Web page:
The US believed that the North Korean and Chinese soldiers they captured had the right to choose whether they wanted to repatriate to their homeland or go somewhere else. It was obvious that many people would not want to go back to either China or North Korea, which, of course, the communist authorities of these countries could not accept.

Months of negotiations took place against the backdrop of unceasing, bloody battles. The sides agreed that a special commission of representatives from neutral countries would be established to decide the fate of the prisoners of war. In the end, on July 27, 1953, in the village of Panmunjom (located on the 38th parallel, it was the site of extended battles that did not bring victory for either side and became a symbol of the stalemate), an armistice was signed that created a four-kilometer-wide demilitarized zone.

A senseless war

The Korean War is a perfect example of the futility of trying to resolve contentious issues through force. It was the bloodiest conflict since World War II. Several million people died. The entire infrastructure of the Korean Peninsula was practically destroyed. Both sides committed massacres of prisoners of war and civilians.
Huge resources were spent in vain, as the sides were forced to return to the prevailing situation when the conflict had started.
It was the first real clash of the Cold War. During the fighting in Korea, the Soviet Union and US mastered the complex science of how to hurt each other without starting a nuclear war. Responding to Kim Il Sung’s pleas for assistance, in March 1951 Stalin sent an entire fighter air corps to China to protect North Korea from air attacks. The Soviet pilots wore Chinese military uniforms, they had documents with fictitious Chinese surnames and PLA insignia on their planes.

Of course, after the very first air battle, during which the Soviet pilots were not speaking in Chinese, Soviet involvement in the war became an open secret. The White House kept this from the American public, rightly believing that as soon as it became known that Americans were fighting with Soviet pilots, the indignation in the US would be such that it could lead to a direct war with the Soviet Union.

The Americans did not repeat the mistake of Secretary of State Dean Acheson, who, shortly before the war, in a public speech described the US “defense perimeter” in the Pacific Ocean without including Korea, which inspired within the North Korean leadership, as well as that in Moscow and Beijing, false hope that aggression would go unanswered. The Soviet Union never again boycotted the UN Security Council, no matter how unpleasant the subject.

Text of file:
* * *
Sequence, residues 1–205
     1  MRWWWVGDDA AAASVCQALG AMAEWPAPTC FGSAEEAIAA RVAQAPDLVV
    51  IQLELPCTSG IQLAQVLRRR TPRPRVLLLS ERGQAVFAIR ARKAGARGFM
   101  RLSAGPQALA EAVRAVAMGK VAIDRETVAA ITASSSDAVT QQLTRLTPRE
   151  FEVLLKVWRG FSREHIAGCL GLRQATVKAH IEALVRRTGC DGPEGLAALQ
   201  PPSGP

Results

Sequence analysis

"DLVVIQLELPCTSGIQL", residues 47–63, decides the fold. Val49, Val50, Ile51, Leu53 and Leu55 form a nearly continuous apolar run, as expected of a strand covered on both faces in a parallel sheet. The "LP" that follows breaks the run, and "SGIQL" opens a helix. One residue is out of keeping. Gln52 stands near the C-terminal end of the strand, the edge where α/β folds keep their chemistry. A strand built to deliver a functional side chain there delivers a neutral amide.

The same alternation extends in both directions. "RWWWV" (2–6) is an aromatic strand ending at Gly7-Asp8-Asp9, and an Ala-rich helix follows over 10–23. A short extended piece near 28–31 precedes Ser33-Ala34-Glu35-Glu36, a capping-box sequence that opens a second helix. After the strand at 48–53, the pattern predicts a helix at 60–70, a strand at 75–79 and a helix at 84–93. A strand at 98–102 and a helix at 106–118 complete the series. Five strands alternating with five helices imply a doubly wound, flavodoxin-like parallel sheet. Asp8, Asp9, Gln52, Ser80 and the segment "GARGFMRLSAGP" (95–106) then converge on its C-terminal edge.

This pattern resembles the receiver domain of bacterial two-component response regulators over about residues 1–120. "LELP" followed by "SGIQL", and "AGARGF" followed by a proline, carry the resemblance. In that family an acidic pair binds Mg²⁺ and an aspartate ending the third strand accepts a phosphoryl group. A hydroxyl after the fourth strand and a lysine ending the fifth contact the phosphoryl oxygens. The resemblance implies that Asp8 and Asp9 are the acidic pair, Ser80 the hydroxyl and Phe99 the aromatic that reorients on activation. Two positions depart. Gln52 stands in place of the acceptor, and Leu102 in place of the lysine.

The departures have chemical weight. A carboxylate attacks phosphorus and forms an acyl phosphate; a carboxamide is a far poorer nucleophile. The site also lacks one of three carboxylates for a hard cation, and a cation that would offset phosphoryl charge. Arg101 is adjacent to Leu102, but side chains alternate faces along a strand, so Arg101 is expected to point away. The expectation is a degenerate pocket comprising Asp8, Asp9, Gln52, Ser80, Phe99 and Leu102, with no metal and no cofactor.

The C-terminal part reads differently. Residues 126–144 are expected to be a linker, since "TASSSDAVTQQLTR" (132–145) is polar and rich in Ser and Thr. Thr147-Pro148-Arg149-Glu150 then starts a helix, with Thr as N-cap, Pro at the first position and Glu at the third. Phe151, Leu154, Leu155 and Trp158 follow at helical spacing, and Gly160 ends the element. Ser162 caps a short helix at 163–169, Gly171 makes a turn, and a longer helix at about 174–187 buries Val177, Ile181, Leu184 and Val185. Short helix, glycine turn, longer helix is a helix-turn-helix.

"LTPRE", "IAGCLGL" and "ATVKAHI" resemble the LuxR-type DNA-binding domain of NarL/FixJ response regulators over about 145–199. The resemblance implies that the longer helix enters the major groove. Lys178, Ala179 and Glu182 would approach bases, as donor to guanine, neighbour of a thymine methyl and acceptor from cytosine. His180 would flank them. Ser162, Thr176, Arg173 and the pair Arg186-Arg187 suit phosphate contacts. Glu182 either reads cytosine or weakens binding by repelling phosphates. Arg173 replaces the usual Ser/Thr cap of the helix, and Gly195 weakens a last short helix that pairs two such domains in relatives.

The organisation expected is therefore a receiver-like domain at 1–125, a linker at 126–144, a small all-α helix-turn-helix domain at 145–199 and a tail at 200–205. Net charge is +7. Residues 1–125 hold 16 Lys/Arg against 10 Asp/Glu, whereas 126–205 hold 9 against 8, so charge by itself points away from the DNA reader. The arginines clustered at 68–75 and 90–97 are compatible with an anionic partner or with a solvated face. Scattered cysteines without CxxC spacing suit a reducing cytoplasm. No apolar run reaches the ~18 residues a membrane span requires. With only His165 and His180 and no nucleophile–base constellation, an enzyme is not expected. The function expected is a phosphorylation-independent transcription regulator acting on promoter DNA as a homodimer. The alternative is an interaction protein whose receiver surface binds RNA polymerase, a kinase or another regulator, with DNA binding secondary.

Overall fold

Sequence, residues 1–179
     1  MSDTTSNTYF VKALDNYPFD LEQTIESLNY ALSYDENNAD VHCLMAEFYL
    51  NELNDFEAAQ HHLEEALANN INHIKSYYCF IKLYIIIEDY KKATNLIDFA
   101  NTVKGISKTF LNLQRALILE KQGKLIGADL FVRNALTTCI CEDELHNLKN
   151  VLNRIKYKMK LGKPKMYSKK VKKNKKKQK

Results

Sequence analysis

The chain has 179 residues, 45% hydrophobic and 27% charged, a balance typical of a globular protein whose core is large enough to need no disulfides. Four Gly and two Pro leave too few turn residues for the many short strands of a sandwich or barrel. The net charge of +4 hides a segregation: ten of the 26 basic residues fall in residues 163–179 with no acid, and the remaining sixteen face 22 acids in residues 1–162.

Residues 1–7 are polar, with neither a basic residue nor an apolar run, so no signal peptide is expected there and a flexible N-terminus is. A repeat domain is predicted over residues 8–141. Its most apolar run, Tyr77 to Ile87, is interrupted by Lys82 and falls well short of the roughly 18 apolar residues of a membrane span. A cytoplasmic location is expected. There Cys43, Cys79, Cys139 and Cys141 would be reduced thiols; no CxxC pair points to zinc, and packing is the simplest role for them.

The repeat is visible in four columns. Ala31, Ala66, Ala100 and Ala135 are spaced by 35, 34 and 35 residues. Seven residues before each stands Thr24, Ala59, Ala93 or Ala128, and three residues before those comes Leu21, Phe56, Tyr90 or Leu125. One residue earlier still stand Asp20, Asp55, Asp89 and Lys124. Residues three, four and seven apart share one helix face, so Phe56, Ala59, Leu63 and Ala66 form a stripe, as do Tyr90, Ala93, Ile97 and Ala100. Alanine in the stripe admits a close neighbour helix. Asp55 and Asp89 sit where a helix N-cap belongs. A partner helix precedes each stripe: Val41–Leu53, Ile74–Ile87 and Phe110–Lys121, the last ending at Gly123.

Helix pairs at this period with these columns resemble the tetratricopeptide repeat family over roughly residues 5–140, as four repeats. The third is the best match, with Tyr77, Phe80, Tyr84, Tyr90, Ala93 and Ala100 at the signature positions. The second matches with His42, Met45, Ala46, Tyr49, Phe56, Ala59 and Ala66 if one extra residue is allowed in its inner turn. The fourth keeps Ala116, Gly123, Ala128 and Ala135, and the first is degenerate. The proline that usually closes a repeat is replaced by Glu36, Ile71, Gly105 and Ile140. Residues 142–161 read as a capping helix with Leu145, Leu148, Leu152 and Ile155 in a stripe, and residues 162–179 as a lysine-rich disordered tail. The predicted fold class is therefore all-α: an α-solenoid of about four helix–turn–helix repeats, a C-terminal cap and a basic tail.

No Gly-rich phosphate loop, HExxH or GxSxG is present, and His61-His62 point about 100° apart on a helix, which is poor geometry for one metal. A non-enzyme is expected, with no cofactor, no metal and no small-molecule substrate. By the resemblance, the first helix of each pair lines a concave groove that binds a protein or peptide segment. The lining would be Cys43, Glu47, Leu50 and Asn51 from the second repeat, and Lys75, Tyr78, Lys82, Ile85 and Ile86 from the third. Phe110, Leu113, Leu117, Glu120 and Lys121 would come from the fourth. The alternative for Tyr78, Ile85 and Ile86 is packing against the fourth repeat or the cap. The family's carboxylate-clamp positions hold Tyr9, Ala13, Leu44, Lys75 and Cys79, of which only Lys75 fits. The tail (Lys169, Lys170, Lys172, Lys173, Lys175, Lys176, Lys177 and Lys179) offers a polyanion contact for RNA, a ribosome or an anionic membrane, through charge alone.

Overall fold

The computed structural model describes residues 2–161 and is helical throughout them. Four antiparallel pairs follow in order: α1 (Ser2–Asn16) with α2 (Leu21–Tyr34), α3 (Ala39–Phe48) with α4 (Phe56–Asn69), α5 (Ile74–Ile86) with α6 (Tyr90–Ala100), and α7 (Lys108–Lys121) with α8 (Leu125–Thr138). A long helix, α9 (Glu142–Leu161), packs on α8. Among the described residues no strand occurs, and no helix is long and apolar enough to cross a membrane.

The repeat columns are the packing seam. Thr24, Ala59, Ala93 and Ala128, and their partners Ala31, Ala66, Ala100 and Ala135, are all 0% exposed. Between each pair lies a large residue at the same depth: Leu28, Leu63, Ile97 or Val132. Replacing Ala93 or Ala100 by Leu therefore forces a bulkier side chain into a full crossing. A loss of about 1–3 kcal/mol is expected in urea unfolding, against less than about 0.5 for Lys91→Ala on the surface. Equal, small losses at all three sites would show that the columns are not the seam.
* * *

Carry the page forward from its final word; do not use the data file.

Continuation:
Today, Russia’s representative to the UN Security Council also participates in every meeting, always ready to reject any accusations against Russia.

But the Korean War never ended, and a peace treaty between North and South was never concluded. The demilitarized zone still divides the peninsula. And its existence pleases only ecologists, as over the past decades rare species of animals have found refuge there. The standoff between the two Koreas periodically erupts in military incidents. Meanwhile, the sides, who after the armistice found themselves more or less in the same situation – face-to-face with complete ruin – have gone in very different directions over 70 years. One Korea, having gone through several military dictatorships, is a fully democratic state and a global economic powerhouse. The other Korea has seen a medieval tyranny set up that from time to time frightens the world with nuclear weapons.

It seems that Russia and Ukraine are still rather far from perceiving the war as a stalemate and are full of hopes for a military victory. An understanding of the “strategic stalemate” is unlikely to come in the coming weeks and months – before the sides have exhausted all possible means of achieving military success.

Ukraine expects to achieve military parity through Western supplies of modern military equipment. Russia still has the ability to carry out another mass mobilization and put industry on a war footing. If you project the history of the Korean War on the current situation, then the sides are somewhere in the beginning of 1951. A truce is not months but still years away.